The BBC received more than 10,000 complaints of bias in its political coverage in a single fortnight as the General Election campaign ramped up, new figures show.
The broadcaster received at least 10,209 complaints related to political coverage between 11 and 24 November, according to its latest complaints log.
The log only includes programmes that received more than 100 complaints. The BBC received a total of 24,435 complaints during the two weeks to 24 November, an increase of over 70 per cent on the 14,320 received in the previous fortnight.
Of the total political complaints, the BBC received slightly more complaints alleging anti-Conservative bias (54 per cent) than anti-Labour bias (46 per cent).
Complaints alleging anti-Labour bias include 133 people who accused the broadcast of bias against both Labour and Brexit in an episode of Question Time on 21 November.
The most complained about programme during the period was the Question Time Leaders Special on 22 November, which attracted 4,417 complaints that the programme was biased in favour of Labour, as well as about the composition of the audience.
BBC News’ use of an edited clip of Boris Johnson from the same programme with audience laughter removed attracted 2,494 complaints of bias in favour of the Tories.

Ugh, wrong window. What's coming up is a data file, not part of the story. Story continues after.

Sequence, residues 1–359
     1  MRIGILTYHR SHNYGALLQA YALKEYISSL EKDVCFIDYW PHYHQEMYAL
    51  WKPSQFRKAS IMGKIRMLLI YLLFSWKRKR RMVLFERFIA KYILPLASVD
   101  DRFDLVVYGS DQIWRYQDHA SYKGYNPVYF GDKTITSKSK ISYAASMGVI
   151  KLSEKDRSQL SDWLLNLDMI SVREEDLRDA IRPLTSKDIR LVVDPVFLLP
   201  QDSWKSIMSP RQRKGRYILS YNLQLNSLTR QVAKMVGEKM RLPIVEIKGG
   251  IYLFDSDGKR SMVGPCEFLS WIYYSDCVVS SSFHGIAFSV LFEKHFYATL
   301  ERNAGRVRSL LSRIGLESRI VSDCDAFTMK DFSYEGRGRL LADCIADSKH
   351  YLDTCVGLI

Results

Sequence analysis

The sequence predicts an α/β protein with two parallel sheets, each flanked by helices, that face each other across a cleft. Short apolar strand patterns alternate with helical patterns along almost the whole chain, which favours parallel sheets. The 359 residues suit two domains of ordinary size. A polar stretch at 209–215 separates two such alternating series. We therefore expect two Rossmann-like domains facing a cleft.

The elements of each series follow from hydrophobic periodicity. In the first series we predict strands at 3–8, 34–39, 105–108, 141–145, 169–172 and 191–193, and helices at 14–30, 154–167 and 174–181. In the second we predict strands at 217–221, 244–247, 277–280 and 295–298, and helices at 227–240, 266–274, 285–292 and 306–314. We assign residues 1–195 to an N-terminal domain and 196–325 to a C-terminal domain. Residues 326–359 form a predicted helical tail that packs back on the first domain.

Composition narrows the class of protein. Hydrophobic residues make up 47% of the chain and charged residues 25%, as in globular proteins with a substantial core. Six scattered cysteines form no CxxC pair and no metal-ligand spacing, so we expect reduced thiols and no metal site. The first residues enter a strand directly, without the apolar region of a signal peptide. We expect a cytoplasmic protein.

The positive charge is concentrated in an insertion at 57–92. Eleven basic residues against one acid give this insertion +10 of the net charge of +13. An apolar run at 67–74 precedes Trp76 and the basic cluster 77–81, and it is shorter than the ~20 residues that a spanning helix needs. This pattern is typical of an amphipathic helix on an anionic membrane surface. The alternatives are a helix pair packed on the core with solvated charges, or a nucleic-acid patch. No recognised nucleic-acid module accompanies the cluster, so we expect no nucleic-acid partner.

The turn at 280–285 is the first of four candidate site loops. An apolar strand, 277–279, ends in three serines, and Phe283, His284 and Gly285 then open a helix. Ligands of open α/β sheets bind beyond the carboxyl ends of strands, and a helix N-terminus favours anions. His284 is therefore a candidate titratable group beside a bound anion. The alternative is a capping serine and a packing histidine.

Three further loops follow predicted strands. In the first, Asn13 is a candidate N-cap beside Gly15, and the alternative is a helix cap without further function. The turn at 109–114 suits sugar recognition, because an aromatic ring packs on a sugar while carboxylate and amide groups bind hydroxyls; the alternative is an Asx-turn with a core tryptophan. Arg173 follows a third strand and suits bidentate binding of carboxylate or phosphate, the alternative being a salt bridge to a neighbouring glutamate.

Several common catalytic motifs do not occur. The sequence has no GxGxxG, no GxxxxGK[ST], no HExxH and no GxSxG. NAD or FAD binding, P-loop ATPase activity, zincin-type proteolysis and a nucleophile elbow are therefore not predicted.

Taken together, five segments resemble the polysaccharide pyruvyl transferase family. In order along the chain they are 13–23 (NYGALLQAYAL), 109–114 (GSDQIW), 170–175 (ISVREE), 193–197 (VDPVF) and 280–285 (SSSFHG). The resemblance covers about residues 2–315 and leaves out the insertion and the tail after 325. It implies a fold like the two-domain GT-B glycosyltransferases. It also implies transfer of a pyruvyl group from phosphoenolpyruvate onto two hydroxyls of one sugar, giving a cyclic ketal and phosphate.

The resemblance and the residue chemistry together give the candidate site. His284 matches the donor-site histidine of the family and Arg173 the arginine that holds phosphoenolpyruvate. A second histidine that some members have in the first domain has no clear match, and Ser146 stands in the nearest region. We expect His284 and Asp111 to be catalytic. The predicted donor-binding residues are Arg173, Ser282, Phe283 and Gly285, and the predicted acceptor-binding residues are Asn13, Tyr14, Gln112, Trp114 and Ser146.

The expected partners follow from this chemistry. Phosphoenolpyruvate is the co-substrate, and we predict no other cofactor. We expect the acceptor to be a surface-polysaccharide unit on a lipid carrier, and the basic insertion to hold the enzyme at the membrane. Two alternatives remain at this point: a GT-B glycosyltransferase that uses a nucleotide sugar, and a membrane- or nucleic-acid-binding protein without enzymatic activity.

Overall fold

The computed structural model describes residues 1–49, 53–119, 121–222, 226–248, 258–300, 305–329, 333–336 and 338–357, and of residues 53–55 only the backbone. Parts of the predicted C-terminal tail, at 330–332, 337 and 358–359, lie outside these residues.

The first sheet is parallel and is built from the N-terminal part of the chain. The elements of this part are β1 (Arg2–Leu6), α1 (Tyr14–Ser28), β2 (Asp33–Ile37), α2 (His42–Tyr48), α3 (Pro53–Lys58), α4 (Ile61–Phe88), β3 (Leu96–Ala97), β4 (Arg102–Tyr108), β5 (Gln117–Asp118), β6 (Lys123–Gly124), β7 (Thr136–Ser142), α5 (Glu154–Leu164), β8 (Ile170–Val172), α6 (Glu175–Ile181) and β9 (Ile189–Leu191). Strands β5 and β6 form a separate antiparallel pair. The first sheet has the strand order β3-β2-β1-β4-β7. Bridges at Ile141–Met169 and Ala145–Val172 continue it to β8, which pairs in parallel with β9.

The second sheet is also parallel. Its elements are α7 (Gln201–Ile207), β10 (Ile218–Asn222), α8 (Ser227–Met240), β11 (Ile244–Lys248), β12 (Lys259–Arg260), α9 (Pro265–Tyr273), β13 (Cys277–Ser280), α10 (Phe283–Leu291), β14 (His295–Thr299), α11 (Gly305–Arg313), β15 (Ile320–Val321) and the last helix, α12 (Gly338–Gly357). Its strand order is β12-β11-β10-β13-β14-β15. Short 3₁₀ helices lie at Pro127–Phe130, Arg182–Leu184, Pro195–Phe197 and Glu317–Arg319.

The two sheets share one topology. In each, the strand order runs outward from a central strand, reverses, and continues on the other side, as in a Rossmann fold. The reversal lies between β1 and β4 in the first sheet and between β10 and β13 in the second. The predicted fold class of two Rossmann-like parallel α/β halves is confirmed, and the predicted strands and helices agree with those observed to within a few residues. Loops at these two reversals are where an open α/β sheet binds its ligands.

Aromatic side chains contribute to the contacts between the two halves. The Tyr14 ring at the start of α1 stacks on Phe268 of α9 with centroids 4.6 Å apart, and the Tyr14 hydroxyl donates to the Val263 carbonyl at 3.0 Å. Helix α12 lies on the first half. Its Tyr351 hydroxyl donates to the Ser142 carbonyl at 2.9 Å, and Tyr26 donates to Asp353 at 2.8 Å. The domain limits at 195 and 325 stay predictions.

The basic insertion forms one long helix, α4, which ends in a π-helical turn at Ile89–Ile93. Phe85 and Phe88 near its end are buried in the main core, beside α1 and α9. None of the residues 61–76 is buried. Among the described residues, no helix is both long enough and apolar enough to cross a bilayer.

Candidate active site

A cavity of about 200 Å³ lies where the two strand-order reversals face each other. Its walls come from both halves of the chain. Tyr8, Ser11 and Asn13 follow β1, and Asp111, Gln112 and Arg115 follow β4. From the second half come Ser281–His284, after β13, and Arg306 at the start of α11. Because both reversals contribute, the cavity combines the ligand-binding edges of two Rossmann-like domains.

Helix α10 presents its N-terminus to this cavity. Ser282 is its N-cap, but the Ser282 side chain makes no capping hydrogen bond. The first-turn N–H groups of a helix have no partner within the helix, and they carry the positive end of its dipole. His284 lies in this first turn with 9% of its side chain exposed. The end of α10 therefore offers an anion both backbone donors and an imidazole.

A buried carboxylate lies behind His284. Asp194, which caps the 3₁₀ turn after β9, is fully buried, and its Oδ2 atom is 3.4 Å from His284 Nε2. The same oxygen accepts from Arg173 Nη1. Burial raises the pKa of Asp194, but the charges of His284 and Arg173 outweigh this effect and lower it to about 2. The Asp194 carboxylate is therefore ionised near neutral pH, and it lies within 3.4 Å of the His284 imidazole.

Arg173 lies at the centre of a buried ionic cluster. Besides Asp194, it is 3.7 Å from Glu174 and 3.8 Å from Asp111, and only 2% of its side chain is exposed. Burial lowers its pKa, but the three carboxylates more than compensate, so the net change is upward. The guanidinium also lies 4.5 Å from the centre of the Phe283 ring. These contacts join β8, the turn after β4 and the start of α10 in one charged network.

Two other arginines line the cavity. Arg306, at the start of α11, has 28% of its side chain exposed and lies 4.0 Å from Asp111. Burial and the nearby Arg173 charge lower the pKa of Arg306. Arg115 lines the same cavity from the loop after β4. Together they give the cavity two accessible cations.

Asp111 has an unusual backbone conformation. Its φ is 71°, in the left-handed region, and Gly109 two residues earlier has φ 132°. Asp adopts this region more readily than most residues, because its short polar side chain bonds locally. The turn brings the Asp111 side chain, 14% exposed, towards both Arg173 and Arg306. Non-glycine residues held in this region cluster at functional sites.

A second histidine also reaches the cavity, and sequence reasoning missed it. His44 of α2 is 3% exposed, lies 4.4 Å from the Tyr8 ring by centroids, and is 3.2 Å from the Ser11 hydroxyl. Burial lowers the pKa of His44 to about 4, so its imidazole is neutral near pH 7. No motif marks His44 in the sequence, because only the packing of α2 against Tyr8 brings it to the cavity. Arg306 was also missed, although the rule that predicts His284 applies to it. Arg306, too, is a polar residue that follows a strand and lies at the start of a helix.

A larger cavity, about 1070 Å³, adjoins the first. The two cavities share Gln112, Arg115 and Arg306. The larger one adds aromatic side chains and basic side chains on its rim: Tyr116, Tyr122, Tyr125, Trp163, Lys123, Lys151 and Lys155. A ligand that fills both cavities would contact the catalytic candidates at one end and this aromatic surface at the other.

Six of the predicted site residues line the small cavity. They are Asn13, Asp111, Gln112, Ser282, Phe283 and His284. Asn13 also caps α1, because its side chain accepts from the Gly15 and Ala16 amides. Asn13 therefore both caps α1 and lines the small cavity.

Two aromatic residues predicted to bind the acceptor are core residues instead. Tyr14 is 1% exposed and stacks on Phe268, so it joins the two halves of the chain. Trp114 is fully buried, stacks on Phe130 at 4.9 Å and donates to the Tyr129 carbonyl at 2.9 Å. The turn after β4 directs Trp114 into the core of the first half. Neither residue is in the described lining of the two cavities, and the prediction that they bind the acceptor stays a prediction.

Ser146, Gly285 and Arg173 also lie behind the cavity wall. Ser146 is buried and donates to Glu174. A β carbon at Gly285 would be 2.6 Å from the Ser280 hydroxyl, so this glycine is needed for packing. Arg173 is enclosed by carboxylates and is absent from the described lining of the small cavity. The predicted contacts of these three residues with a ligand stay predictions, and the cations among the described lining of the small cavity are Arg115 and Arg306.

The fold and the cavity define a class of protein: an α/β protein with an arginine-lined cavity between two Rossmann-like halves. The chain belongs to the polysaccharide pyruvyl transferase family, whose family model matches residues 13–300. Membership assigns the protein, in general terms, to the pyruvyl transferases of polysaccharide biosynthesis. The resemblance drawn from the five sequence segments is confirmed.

During the Question Time special some members of the audience could be heard laughing after Johnson was asked if he thought the “truth matters”, but the later video used by BBC News did not include the laughter.
The BBC later apologised for the edit, describing it as a “mistake” but insisting it was not intended to mislead viewers.
The broadcaster received more than 2,000 complaints alleging pro-Tory bias over its use of an out-of-date clip of Boris Johnson laying a wreath at a Remembrance Sunday service.
A clip from 2016 of Johnson placing a wreath was used instead of one from this year’s service, during which Johnson placed his wreath the wrong way up. The BBC apologised for the error and said it was a “production mistake”.
In total, more than 100 complaints were received about three programmes over anti-Labour or pro-Conservative bias, while six programmes attracted complaints of anti-Conservative bias.
“As the UK’s most-watched news broadcaster, it is normal for the BBC to see a significant rise in contacts from audiences – from all sides of the political spectrum – during an election period,” said a spokesperson for the corporation.
“Our approach to reporting elections is guided by our independence and impartiality and the BBC remains the UK’s most trusted news source”.